Date of Degree
José del Valle
Anthropological Linguistics and Sociolinguistics | Bilingual, Multilingual, and Multicultural Education | International and Comparative Education
Kurdish language, Turkey, language activism, education, language ideologies, colonial language governmentality
This ethnographic study examines the Kurdish language and education activism, which I argue, is an anti-colonial movement generating decolonial forms of practices as responses. Prohibited to be spoken even in private spaces until 1991 in Turkey, the Kurdish language has been an intense object of struggle between the Turkish state and the Kurdish population. What historical, political, and sociocultural forces have contributed to colonial language governmentality in Turkey against the Kurdish language and its speakers? How do Kurdish activists challenge the linguistic hegemony in their semi-formal spaces and in what ways are their practices, discourses and policies decolonial? My study offers two major arguments as responses to these questions. First, I suggest a reconsideration of the linguistic condition in Turkey as being more than nationalist and one that is informed by the entangled ideologies and processes such as racism, and imperialism as well as by the legacy of colonial language ideologies and practices generated mainly by Euro-colonial powers. I trace the genealogy of colonial linguistics and its projection in nationalist language ideologies, practices, and policies to better understand colonial language relations in Turkey today and the ways that language can be turned into a strong tool of colonial domination.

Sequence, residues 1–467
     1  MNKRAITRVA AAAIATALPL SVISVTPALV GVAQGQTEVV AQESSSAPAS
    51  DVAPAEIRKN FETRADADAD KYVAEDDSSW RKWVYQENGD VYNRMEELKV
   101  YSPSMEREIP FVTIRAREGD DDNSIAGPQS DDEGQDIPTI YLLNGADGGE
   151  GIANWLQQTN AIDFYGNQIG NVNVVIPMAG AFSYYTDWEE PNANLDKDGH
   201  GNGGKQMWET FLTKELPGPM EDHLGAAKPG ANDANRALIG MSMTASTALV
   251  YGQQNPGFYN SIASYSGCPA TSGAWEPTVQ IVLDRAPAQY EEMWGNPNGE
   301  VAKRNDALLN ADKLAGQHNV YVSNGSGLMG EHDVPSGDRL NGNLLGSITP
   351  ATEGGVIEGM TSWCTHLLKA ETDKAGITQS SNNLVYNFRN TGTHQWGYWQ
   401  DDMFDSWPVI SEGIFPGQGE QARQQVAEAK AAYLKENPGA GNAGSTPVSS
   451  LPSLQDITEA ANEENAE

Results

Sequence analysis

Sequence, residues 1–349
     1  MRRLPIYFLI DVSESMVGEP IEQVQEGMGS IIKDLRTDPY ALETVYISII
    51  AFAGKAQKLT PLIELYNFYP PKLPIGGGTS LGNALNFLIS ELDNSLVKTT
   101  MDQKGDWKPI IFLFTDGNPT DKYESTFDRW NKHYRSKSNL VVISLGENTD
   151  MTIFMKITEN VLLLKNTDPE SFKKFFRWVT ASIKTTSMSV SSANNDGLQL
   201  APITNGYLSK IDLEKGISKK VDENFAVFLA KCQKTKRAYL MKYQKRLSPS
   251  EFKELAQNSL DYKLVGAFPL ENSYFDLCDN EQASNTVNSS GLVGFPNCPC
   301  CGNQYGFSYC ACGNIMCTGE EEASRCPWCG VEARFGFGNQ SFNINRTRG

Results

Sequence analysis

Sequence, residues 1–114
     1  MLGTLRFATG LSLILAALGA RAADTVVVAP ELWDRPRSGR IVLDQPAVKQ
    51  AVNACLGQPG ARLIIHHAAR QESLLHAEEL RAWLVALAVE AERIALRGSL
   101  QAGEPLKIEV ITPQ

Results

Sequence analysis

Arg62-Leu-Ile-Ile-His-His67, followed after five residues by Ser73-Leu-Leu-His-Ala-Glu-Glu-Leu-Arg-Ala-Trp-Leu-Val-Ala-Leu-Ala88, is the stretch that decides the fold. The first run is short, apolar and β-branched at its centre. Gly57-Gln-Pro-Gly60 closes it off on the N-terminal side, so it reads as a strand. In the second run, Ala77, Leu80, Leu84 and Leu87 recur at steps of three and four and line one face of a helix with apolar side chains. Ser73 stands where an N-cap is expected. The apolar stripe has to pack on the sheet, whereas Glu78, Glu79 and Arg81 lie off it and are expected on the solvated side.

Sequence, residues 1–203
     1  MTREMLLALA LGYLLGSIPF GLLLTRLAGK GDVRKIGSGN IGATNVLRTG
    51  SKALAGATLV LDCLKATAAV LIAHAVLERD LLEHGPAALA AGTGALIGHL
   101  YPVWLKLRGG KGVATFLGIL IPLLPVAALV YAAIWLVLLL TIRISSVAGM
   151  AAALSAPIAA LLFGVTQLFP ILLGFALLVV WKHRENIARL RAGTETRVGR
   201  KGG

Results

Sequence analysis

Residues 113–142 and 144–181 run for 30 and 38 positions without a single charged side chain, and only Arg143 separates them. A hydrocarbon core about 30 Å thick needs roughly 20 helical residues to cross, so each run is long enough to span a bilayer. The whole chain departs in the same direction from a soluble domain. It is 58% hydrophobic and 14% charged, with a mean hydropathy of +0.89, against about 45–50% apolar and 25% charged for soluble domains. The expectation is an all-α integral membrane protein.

Secondly, I argue that the Kurdish language and education activism is an anti-colonial movement generating decolonial practices. I provide examples of decolonial practices in linguistic spaces that seek to transform not only the linguistic condition, but also sociopolitical condition of the Kurdish people. Located in the broader politics of colonial/nationalist language policies, practices and ideologies and language movements of linguistically minoritized populations to these politics, this dissertation extends beyond the Kurdish case and engages with the issues of minoritized language communities, decolonial language practices and pedagogies in a world characterized by increasingly homogenizing and totalizing national imaginations.
I place special attention on the peace negotiations process which took place from 2009 to 2015 between the Turkish state and the PKK (Kurdistan Workers Party) –– an armed insurgent group –– and aimed to end the three decade-long internal war. More specifically, I examine the ways in which the peace negotiation process served to maintain colonial language relations via new liberal multilingual and educational policies.
The data for this research is gathered for a period of a total of 12 months in the cities of Istanbul and Diyarbakır, Turkey. It incorporates participant observation in several Kurdish language and education institutions, interviews with Kurdish language activists from various institutions, analysis of digital and print materials (textbooks, policy statements, conference notes, reports and booklets), a genealogical analysis of historical sources on the Turkish language reforms and the discourses of media outlets. I also engaged in informal conversations with the locals and activists, attended events such as Kurdish theatre and film festivals, language day celebration, language platform workshop and certificate ceremony among others.
Arpacik, Demet, "The Medium of Liberation: Kurdish Language and Education Activism in Turkey" (2020). CUNY Academic Works.
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